China’s southern island province of Hainan will ban the sale of gasoline-fueled automobiles by 2030, in a bid to safeguard its environment and develop a modern economy, the provincial government said on March 5.
“The newly issued plan to promote new energy vehicles will be a key measure for Hainan to reach the goal of a first-class, quality ecology by 2035, as required by the central government,” said Deng Xiaogang, head of the Ecological Environment Department of Hainan province and a deputy to the National People’s Congress.
He said vehicle emissions top Hainan’s air pollutant list. Analysis of PM2.5 data from the provincial capital, Haikou, shows vehicle emissions contributed more than 35 percent to local air pollutants, while the average percentage reached 40 percent in other cities and counties.
“Hainan will introduce the most strict local standards to address the problem of vehicle emissions and make the island’s sky bluer,” Deng added.
Known as the oriental Hawaii thanks to its resorts and tropical landscapes, Hainan is set to become the country’s largest pilot free trade zone.
According to the Hainan New Energy Vehicles Development Plan, Hainan will speed up the promotion of clean energy vehicles, and has set specific targets and outlined a road map, becoming the first province to unveil such a timeline.
By 2020, all vehicles added or replaced in the public service sector, including government vehicles and buses, will use clean energy. New and replaced rental cars and vehicles used for postal service and logistics will be required to use new energy. Automobiles used for sanitation, tourist transport and urban-rural passenger transit will be replaced by clean energy vehicles by 2025, according to the plan.
It said a greater proportion of newly licensed private passenger cars will be new energy vehicles, with a 10 percent increase every year, eventually reaching 80 percent by 2025. Sales of gasoline-fueled automobiles will be banned throughout the province by 2030.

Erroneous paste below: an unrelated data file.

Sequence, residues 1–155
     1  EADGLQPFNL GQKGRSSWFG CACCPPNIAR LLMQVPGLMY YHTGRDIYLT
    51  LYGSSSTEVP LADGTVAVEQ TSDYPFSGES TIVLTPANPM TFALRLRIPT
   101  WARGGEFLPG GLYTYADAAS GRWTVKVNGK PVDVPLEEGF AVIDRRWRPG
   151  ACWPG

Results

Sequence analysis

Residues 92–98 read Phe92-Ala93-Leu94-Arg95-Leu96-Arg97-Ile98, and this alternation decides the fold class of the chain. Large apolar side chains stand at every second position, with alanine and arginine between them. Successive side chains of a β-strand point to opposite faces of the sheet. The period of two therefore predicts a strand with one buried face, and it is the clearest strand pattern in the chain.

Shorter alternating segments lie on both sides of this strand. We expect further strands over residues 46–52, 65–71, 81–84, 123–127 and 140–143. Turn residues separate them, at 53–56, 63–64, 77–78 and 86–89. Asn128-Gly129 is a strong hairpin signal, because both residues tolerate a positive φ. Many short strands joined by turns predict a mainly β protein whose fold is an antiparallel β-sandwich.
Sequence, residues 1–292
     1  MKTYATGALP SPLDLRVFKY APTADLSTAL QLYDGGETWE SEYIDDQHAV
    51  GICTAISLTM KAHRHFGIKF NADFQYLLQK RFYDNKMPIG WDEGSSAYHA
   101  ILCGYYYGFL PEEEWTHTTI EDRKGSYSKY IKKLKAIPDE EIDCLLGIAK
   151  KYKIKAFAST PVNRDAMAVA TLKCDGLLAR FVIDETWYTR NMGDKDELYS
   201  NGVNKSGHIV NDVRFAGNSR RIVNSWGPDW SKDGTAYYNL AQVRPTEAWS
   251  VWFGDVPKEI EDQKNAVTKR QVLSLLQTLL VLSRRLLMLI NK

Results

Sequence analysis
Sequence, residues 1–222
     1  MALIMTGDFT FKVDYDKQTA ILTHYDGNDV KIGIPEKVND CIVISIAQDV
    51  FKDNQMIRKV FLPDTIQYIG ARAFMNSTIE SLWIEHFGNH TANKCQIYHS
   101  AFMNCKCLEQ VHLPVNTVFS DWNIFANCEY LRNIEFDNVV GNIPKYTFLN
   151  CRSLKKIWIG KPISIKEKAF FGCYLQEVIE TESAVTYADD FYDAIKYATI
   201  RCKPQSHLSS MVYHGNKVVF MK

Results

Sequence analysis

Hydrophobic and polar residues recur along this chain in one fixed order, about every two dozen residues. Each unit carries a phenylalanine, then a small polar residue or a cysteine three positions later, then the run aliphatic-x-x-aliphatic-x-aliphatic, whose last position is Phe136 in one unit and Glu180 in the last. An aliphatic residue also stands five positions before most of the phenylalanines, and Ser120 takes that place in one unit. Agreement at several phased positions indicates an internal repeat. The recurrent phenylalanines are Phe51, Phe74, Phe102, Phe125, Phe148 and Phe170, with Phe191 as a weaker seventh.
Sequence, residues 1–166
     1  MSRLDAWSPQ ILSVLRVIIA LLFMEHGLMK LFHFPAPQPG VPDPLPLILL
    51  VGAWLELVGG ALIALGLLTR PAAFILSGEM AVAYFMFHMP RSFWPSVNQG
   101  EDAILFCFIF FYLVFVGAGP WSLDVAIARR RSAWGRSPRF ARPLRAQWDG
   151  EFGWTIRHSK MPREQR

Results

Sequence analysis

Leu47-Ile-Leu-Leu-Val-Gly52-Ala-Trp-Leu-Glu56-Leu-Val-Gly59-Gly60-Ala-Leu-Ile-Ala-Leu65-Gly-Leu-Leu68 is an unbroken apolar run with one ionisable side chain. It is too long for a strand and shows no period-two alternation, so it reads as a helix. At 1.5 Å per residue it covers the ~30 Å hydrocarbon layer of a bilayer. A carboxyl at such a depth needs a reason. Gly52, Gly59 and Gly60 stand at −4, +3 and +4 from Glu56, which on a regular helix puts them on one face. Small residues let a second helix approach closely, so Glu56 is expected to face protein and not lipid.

More electric charging networks will be built in the next three to five years to meet the needs of clean energy vehicles, the plan said.
By the end of 2018, Hainan had 37,100 clean energy vehicles, accounting for 2.9 percent of the province’s total vehicles.
“If gasoline-fueled vehicles are totally banned in Hainan, its PM2.5 index is expected to drop by 30 percent to less than 10 micrograms per cubic meter, about the same level as leading international tourist destinations such as Hawaii, the Maldives and Fiji,” said Xia Feng, a researcher with the China Institute for Reform and Development.
He said the development of new energy vehicles will create huge investment opportunities and enhance local high-tech growth. Xia suggests Hainan make foreign capital and social capital the main forces in Hainan’s new energy market.
Aiming to cut pollution, China announced plans in 2017 to phase out gasoline-fueled vehicles across the country, but no target date was given.